The emotion in Dr Martin Kelly's voice soars above the buzzing and crackling phone line from remote South Australia.
He describes life as a GP in Anangu Pitjantjatjara Yankunytjatjara indigenous communities to a group of politicians sitting in a motel conference room in Whyalla, 1500 kilometres away.
"Half the people who live on the land, I've known since they were born. They matter quite a lot to me," he tells the Senate inquiry into GP services in rural Australia.
Dr Kelly describes the challenges of attracting new doctors to the outback, the lack of housing for staff and indignity of answering to government auditors who briefly fly in from the city.
He pauses, steels himself and recalls the 2016 murder of his friend and Nganampa Health Council colleague, nurse Gayle Woodford. Ms Woodford was killed after being lured into opening a security gate at her home while on-call overnight.
"I was one of the last Nganampa people to talk to her ... and I sat with her family for four days over Easter until her body was found," he says, his voice trembling.
Six years on, the already stretched clinic shoulders the $300,000 shortfall in government funding to provide staff security, a legal necessity enacted after Ms Woodford's death.
"It is a scandal," he says.
The simmering fury over the state of healthcare in country Australia is in the voices of every witness at the inquiry and written on the pages of 216 submissions.
There is one enduring theme: the doctor shortage in rural areas is a desperate situation which is only getting worse.
Witnesses say the barriers to attracting GPs to the bush is a complex combination of government bureaucracy, neglected social infrastructure like housing and schools, and a lack of respect for the specialty.
Those who do work in the country are ageing, overwhelmed and burning out. Many clinic managers have described doctors leaving work at a moment's notice, never to return.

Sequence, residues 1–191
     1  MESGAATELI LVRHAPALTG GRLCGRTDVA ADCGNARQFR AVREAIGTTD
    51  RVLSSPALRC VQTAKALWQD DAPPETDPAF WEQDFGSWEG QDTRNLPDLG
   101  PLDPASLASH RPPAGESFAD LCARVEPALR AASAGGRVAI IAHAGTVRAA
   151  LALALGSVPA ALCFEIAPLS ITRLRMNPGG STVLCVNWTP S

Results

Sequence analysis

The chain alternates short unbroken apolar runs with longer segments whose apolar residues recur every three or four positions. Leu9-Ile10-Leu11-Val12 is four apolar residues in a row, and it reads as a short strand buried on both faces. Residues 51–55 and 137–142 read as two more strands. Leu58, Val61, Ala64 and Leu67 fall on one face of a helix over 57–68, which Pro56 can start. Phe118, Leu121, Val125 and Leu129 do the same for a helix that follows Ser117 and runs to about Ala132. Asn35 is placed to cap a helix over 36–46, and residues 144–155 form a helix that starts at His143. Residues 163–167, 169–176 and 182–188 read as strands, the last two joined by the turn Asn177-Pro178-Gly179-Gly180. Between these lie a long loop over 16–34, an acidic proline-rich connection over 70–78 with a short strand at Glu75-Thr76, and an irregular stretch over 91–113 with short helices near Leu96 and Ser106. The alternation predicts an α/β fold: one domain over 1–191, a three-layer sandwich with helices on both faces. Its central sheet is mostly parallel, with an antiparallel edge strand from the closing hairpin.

Patients are waiting up to six weeks for appointments in some areas, with fears life-threatening medical problems will be missed, chronic illnesses will intensify or sick people will simply give up hope.
On the NSW northern tablelands, Glen Innes hospital is routinely left without a doctor, something compounded by a shortage in the nearby regional centre of Armidale.
"I've never seen it so bad," NSW Nurses and Midwives Association organiser and nurse Nola Scilinato tells AAP.
"The anxiety is palpable. Nurses fear something bad will happen, that someone will die. They've had a lot of near misses."
While thousands of people leave capital cities looking for a country lifestyle, doctors need more enticement than the rolling hills of Armidale or sparkling waters near Balnarring on Victoria's Mornington Peninsula.
Simon Spalding, a registered nurse and practice manager at Balnarring Medical Centre, says doctors are reluctant to leave the city and bureaucracy only makes it worse.
He turned to hiring an overseas doctor after a futile recruitment drive on job sites, social media and noticeboards in local shops.